Interweaving the Narratives
About a ‘lonely’ ghost, the birth of a nation, and the corrosive power of love, superbly directed by Anup Singh. Top-notch peformances by Irrfan, Rasika Duggal and Tillotama Shome. This is a linear tale with multiple identities and diverse layers: something that explore all the variants of love, family, relationship and quite explores the corners of the heart. No Bollywood film has done it yet. But it's title alone makes it stand out of the queue: noticed the 2 titles? Actually, Anup Singh summarizes the story's subversive-ness and its dark undertones with its depiction of the emotional supernatural: someone who is a lonely ghost- or wait- a ghost who is a lonely traveller? Be it any, Tilottama Shome as the ghost here is a total finesse. She carves the account of this man who is stringed into the horrors of identity confusions in a way that is quite remarkable. Irrfan Khan as the aristocratic Umber Singh, is as always: a find, a new character. Divya Dutta ticks the boxes of a dramatic performance, and Rasika Dugal is a find. The film is beyond a fine film: the way it deconstructs its own horrors makes it a fantabulous watch.
I'm going with 4 out of 5.
Qissa (although has been abruptly dealt), is a painful, thoughtful and unconventional folk tale, with which you would certainly resonate.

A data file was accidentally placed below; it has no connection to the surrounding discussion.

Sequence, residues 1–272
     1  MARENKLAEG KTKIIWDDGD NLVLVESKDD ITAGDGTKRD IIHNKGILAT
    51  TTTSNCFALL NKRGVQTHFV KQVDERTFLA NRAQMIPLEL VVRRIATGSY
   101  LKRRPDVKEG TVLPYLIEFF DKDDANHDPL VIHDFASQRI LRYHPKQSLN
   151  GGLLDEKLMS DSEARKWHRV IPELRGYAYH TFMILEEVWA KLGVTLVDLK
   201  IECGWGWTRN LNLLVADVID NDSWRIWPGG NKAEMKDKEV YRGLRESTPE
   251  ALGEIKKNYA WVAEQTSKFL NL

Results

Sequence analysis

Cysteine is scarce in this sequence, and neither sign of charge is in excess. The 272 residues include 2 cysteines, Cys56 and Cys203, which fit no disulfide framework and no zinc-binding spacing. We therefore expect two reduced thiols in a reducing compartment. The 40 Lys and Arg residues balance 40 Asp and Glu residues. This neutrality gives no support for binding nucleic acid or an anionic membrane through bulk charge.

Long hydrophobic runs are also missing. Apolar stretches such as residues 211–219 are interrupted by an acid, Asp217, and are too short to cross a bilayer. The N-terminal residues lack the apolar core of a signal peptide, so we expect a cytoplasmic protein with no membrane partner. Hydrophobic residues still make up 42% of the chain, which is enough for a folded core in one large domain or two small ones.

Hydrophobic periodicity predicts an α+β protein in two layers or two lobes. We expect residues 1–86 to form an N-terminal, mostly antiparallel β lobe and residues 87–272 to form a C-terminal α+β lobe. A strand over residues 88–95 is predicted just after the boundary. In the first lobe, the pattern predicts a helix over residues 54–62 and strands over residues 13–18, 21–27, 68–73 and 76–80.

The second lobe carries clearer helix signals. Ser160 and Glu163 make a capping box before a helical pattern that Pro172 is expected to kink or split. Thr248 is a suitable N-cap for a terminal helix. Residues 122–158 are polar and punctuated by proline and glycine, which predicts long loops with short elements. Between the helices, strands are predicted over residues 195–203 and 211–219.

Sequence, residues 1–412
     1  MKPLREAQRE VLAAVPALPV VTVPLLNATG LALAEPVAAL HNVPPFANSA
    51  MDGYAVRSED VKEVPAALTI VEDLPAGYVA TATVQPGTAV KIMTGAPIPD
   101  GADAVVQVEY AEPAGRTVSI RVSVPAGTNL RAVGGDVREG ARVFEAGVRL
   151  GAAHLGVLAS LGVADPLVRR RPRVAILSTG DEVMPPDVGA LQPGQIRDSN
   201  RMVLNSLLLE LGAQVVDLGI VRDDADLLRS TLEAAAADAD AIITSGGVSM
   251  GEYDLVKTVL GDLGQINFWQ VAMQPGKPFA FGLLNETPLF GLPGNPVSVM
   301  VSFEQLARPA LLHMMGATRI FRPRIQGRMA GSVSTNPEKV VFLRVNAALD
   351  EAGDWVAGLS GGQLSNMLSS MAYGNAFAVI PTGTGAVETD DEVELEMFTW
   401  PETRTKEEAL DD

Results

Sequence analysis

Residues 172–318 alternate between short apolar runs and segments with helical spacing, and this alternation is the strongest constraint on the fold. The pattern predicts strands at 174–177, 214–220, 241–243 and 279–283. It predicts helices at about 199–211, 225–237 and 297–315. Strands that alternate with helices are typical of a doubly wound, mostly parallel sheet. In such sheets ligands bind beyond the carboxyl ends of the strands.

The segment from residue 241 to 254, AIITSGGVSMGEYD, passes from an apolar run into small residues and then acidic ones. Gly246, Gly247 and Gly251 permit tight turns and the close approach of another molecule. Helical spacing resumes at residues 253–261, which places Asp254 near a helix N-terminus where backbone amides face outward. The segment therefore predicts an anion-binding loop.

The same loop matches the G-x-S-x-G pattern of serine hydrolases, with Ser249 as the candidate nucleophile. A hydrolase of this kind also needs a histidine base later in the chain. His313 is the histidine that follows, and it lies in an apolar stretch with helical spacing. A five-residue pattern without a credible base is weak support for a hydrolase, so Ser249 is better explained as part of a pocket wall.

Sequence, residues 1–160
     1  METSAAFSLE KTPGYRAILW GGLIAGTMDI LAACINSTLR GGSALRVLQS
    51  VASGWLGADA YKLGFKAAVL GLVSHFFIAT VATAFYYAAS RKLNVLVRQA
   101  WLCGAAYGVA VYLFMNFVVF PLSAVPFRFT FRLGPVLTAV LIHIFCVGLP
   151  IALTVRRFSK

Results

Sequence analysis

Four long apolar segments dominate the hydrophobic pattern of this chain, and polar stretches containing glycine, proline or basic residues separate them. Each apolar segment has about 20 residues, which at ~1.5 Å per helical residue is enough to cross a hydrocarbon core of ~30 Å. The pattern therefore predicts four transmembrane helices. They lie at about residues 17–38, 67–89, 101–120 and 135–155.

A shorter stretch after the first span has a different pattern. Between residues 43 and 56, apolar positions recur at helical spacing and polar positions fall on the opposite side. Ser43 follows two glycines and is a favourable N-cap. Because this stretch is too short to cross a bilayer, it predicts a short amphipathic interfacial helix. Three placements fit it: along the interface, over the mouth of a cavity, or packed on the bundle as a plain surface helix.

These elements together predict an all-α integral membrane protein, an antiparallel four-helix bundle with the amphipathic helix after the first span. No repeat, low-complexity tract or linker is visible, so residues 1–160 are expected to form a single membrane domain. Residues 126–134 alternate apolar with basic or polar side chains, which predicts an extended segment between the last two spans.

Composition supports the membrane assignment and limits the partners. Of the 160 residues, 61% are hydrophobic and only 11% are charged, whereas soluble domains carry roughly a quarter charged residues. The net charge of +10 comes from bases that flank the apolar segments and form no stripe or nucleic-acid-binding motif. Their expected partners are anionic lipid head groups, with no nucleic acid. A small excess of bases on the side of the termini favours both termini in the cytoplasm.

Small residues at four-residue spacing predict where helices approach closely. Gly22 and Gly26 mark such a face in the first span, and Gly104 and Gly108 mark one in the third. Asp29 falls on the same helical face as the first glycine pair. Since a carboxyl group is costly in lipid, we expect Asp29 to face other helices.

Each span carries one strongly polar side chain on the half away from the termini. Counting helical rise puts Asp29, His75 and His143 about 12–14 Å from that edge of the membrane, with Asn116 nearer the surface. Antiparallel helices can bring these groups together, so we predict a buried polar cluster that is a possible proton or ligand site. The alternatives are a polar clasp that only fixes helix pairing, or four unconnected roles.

Qissa, an Indian-German film, directed by Anup Singh in Punjabi. It is a 2013 film, first released in Toronto International Film Festival - TIFF, followed by its release in Germany in July, 2014 and now in India in Punjabi Language. Perfect timing for the release of this movie, since it resonates with what India declared this year: Beti Bachao, Desh Bachao. Do we understand the gravity of this slogan? The movie portrays the obsession of many households, where people feel that the son is the saviour of the family, as if their slogan is “Beta Jano, Vansh Bachao / Vansh Badhao”. What a sad discrimination between genders. Today also, there are many households in our country, where the birth of a boy child is celebrated whereas a girl child is not welcomed. India’s rural as well as urban lives face with this non-acceptance of diversity. Education has definitely made lot of difference, still, many people still are trapped in the very same old thought that a son is required, son is the garur (pride) of the family whereas daughter is a liability. But, don’t they forget that they are violating the balance of the universe visualized by the creator. Even the biological fact is ignored that the very female is required to give birth to a child – whether a boy or a girl. This beautiful and intriguing plot is projected in Qissa (Qissa in Punjabi means ‘folk tale’ or ‘epic legend’. Qissa could have been a masterpiece with such a strong contemplative message, but somewhere, the theme ignored certain intricacies, adopts supernatural path to tell the story which creates some confusion in the minds of the viewers? Director also leaves certain vital information for the audience to infer and assume. The backdrop is the partition which happened soon after declaration of independence. Umber Singh (Irrfan Khan) is displaced from Pakistan and he has to migrate to Punjab in India. Amidst riots and violence, which emerged due to partition, Mehar (Tisca Chopra) gives birth to her third girl child. This scene is very painful, since on one side, lots of dead bodies are lying and on the other side, a baby is born. Umber doesn’t even want to see the face of the girl child, since he wanted a boy child. Umber moves to Punjab along with Mehar and three children. Though he lost everything due to migration, he works hard and resettles himself and family very well. Mehar is again pregnant for the fourth time. Umber strongly believes that they would be blessed with a baby boy this time. But to Umber’s despair, Mehar gives birth to their fourth girl child. Umber doesn’t accept the same and declares to himself and others that it is a baby boy. Mehar tells him- “Don’t do this to the baby”. But Umber is in no mood to accept it and ensures the upbringing of the child as a boy. ‘He’ grows up as Kanwar Singh, dresses as a boy, is trained for hunting, driving truck etc.But can Umber Singh challenge God’s creation? Can Umber defy biology? What happens when the female hormones start working?